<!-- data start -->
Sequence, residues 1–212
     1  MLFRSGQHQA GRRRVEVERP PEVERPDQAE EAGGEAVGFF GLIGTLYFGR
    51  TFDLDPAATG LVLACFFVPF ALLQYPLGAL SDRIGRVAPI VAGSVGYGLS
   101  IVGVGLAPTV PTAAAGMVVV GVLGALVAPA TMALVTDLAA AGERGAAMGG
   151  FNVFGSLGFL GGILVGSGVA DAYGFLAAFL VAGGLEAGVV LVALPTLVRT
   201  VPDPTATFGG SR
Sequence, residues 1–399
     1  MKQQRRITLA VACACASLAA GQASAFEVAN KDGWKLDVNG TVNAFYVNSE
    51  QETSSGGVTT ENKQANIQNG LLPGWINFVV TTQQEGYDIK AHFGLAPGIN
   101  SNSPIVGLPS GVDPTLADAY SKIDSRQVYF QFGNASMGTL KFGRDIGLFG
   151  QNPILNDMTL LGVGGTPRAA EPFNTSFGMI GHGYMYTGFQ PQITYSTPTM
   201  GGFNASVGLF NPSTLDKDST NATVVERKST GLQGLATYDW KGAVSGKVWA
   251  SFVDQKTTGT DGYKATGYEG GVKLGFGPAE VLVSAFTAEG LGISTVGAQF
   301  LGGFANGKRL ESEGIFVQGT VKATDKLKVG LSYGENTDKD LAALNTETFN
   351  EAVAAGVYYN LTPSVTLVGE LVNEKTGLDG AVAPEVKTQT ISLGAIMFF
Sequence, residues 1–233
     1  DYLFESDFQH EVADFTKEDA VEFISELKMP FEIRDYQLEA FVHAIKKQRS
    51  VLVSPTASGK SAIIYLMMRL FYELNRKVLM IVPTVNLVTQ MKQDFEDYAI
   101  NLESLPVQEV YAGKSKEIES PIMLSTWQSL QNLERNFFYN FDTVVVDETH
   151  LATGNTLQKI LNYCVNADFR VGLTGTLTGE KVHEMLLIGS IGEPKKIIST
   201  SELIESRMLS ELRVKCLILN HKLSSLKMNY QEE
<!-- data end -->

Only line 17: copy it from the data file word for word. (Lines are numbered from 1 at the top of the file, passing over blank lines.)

     1  DYLFESDFQH EVADFTKEDA VEFISELKMP FEIRDYQLEA FVHAIKKQRS